Unchon-ni, South Korea, I remember 1962-63

   Strike up a conversation with most people who were young, free, and enjoyed American life in the sixties. You will hear, maybe even feel their urgency to bring back the nostalgia of being young during that era. It was a time, whereas the overall feeling of most people in this country was to live life to its fullest, be what you wanted to be, above all else, be happy. We not only enjoyed it for ourselves but wanted our kinfolk, friends, and neighbors to discover a path to the American Dream. Flower Power, Hippies, Love Child, Soul Brother, names we used to describe certain groups, all while wishing them “Peace, Love, and Soul.”  Find your road to happiness my man, my brother, my sister. Frequently we gave them marijuana joints as fuel for the journey. Some use harder drugs to get there, but everyone was at least taking the trip. Today, most people feel the same but are not as overt with their feelings as back in the day.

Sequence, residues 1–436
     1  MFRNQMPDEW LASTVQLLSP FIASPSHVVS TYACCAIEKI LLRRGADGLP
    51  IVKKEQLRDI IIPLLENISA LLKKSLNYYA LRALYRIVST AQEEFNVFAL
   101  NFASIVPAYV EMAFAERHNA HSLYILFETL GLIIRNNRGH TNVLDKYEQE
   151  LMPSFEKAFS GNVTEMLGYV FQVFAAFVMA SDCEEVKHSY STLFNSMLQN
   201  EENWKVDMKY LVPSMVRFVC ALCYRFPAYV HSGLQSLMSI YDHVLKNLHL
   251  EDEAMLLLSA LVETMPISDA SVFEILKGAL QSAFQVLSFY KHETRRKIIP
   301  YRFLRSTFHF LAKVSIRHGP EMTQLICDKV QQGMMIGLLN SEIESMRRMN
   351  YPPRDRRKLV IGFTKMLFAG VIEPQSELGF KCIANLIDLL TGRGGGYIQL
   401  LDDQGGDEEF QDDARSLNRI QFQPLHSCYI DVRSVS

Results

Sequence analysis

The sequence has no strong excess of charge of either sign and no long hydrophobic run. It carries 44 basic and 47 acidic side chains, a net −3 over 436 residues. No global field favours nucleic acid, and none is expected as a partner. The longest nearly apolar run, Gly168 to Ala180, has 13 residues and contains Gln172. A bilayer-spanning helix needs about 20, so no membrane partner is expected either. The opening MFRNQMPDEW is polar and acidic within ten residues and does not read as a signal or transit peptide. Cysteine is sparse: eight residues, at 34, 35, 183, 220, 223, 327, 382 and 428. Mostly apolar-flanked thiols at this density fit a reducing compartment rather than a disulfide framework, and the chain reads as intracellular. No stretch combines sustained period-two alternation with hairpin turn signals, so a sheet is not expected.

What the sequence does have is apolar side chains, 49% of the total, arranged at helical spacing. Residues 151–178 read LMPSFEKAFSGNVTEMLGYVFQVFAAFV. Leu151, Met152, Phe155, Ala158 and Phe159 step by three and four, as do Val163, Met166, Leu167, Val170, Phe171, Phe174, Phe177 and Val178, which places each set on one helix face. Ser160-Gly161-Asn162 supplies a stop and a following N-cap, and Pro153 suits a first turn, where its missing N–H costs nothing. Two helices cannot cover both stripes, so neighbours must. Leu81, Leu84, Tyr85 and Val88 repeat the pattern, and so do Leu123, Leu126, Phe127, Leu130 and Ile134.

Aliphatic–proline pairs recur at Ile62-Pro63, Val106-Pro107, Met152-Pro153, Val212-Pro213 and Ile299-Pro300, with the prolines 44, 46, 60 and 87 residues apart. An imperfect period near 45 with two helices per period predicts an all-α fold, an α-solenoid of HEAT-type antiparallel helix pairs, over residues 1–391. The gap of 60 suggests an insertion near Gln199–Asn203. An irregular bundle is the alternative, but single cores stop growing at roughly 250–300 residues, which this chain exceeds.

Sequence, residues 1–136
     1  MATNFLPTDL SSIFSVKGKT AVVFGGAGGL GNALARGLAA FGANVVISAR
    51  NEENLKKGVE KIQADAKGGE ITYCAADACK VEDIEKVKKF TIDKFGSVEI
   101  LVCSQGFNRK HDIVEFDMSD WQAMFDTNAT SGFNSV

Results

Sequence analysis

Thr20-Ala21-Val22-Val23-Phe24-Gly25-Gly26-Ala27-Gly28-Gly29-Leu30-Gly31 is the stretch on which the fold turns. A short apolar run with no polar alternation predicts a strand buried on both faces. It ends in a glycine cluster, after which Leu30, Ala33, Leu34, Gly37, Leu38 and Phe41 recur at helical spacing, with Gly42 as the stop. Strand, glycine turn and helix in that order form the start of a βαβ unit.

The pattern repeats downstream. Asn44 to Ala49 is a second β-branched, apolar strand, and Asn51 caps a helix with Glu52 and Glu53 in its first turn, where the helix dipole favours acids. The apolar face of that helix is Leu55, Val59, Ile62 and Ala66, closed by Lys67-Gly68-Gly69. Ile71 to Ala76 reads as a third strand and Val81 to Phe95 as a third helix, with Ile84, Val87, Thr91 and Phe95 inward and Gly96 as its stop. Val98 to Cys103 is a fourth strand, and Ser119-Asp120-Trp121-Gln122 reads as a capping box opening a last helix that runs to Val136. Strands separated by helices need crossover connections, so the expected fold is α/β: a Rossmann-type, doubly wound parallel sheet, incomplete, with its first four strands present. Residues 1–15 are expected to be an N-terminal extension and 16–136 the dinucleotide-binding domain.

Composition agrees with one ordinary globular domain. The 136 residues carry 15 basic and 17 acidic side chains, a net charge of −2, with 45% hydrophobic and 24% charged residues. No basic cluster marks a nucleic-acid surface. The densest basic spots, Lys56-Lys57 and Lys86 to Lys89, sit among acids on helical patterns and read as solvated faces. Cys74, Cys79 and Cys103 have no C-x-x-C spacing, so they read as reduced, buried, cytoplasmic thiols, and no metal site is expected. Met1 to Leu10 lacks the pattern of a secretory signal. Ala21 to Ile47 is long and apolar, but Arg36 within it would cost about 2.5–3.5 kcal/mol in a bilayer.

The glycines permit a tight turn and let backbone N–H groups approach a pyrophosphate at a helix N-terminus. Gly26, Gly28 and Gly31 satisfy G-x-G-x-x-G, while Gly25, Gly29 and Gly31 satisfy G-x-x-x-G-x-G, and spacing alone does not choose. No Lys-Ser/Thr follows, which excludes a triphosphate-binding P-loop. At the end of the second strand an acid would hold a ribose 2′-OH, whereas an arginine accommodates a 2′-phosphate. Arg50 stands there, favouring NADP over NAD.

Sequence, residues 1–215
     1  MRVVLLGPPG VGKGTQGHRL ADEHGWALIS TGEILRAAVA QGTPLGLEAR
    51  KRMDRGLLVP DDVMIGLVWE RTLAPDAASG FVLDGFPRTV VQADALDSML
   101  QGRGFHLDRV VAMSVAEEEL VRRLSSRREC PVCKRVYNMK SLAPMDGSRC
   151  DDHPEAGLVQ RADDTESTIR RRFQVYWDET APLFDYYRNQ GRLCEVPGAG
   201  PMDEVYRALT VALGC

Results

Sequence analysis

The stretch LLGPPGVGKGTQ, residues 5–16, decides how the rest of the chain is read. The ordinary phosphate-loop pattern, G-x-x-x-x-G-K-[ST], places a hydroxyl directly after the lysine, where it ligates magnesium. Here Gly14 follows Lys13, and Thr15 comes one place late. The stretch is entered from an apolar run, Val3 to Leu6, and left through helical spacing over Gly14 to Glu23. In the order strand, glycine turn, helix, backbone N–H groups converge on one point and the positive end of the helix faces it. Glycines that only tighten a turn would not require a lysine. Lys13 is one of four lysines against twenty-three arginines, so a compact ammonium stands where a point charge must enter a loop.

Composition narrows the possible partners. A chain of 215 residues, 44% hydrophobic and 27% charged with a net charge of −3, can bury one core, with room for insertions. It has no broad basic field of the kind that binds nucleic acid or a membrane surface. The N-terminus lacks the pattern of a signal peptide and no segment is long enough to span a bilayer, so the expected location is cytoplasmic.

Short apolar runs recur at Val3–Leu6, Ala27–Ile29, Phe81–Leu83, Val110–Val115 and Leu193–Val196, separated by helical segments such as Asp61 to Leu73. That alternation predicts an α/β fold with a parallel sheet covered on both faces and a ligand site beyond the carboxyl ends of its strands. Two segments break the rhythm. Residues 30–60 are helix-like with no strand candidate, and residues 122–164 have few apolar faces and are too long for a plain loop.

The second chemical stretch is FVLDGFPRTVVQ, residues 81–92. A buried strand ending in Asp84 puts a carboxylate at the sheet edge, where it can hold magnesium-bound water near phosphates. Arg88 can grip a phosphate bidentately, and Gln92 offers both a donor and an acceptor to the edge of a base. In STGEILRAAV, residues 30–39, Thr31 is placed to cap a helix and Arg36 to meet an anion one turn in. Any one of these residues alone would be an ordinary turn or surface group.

It was tough climbing the mountain of change, even though we savored the rewards. Older, conservative folks despised this new attitude. Young black folks were especially having a though transition. Their more discipline parents advised them to act in a more servitude manner in the presence of the southern white man. Don’t stare, look down, don’t talk, don’t dare talk back or act as a smart mouth negro in front of white people. It was the way most of them survived the Jim Crow Era. Black people ought to feel damn proud of the way our ancestors survived thought-out the ages. Without their efforts, patience we wouldn’t be alive today.